At this meeting the Council bid farewell to longtime SSC member and recent co-Chair, Dr. Anne Hollowed. Dr. Hollowed has played a significant role in the Council’s science-based fishery management over the past 19 years she has been with the SSC, and has contributed to the development of many of the management programs the NPFMC has in place today. Thank you, Anne, and best wishes in retirement.
Also departing the SSC is Dr. Matt Reimer, who has served the SSC for 8 years with an emphasis on economic analysis. Thank you Matt for your contributions to sustainable fishery management in the North Pacific.
This December meeting was the last meeting for Mrs. Lauren Smoker, who will be retiring from NOAA’s General Counsel office after 30+ years. Ms. Smoker has advised the Council, developed Alaska legal procedures and defended Council and Agency actions. We will miss you, Lauren, and wish you the best in your new chapter.
This meeting was also the last for the following members of the AP: John Gruver, Craig Lowenberg, Joel Peterson, John Scoblic, Marissa Wilson, and Erik Veslko. Thank you all for your service and your involvement in decisions that affect the Nation’s fisheries.
The Council made the following appointments during the December 2021 Council meeting.
The following members of the Advisory Panel have been reappointed for one-year terms: Angel Drobnica, Gretar Gudmundsson, Brian Ritchie, and Susie Zagorski.
Additionally, Tamara Briggie, Tim Heuker, Lauren Mitchell, and Paul Wilkins have been newly appointed for one-year terms.
The Council noted that the appointments were made for a one-year term in order to accommodate the potential for upcoming changes as the Council comprehensively considers its Advisory Panel membership and nomination process over the next year.
In addition to the AP appointments, John Scoblic has resigned from the AP with one year remaining on his term; consistent with the Council’s policy, the Chair may choose to replace him with an interim appointment.
AP members for 2022 will be:
Scientific and Statistical Committee
All current members of the SSC have been reappointed for next year, with the exception of Dr. Anne Hollowed and Dr. Matt Reimer, who are stepping down. Dr. Robert Foy and Dr. Kailin Kroetz have been newly appointed for 2022.
SSC members for 2022 will be:
Kathryn Meyer (alt Theresa Tsou)
Charter Halibut Management Committee
Brian Ritchie has been appointed to the Charter Halibut Management Committee.
Charter Halibut Management Measures for 2022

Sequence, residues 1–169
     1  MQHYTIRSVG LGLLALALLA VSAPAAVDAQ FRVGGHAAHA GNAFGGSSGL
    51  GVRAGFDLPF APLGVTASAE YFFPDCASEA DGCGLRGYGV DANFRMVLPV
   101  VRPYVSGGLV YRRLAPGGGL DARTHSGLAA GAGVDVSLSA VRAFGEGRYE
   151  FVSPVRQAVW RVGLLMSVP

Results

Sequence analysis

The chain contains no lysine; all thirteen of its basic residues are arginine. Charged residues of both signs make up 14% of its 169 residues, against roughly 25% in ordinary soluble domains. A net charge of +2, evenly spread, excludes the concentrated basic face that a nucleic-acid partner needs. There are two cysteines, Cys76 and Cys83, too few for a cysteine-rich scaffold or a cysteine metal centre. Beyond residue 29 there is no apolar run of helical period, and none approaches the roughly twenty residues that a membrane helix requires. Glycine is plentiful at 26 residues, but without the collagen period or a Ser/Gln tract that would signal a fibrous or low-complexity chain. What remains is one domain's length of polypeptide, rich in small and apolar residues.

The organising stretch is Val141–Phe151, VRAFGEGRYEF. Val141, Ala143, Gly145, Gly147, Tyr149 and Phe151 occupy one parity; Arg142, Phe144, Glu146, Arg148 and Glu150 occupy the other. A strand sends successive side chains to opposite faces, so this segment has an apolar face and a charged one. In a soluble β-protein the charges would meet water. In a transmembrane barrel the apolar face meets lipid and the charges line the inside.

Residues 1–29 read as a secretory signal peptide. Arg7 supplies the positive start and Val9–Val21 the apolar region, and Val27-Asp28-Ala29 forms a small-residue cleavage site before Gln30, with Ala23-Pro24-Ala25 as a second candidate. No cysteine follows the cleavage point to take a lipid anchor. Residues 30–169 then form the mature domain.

The Council approved management measures for charter halibut fishing in Areas 2C and 3A to be recommended for adoption by the IPHC at its annual meeting in January 2022. The measures approved by the Council were developed by the Charter Halibut Management Committee based on analyses provided by ADF&G demonstrating projected removals, reference catch limits identified at the Interim IPHC meeting, and considering the interests of the fishery. These measures are expected to constrain overall charter removals to the final 2022 Area-specific charter mortality limits, which will be identified by the IPHC at its meeting in January.
Given that the charter mortality limits are still unknown until the Area-wide mortality limits are set by the IPHC, the Council’s recommendations provide direction for how the measures should become more or less restrictive in response to different limits adopted at the IPHC. Staff will use the following direction to identify the measures that can be adopted given the Area-wide mortality limits set.
Area 3A recommendations:
- Two-fish daily bag limit.
- One halibut of any size and a maximum size for one of the two fish is 28 inches.
- One charter vessel fishing trip per CHP per day (use of each charter halibut permit is limited to one charter halibut fishing trip per boat in one calendar day).
- Prohibition on halibut charter fishing on Wednesdays, all year.
- Adjust Tuesday closures according to Table 17 on page 53 in ADF&G analysis of proposed harvest regulations for 2022 to bring the projected harvest within the Area 3A allocation.
- For example, in combination with the other proposed measures:
- 4 closed Tuesdays closed would result in a harvest of 2.034 Mlb
- 8 Tuesdays closed would result in a harvest of 1.928 Mlb
- For example, in combination with the other proposed measures:
In 2022, it is unnecessary to include a requirement to record retained halibut on the back of the license or harvest record card as an enforcement mechanism for the annual limit for 2022.
Area 2C recommendations:
A progression of management measures in the following order as needed:
- A reverse slot with an upper limit fixed at O80, and a lower limit decreased until the allocation is reached, but no lower than U40; Harvest of 0.814 Mlb (rounds to status quo 0.81 Mlb (Table 6, Page 26 in ADF&G analysis of proposed harvest regulations for 2022)
- If the allocation is insufficient to maintain at least a U40 on the lower limit, add Monday closures starting September 19th and work consecutively toward the beginning of the season until a lower limit of U40 is reached; Yield 0.689 Mlb. (Table 9 Page 31)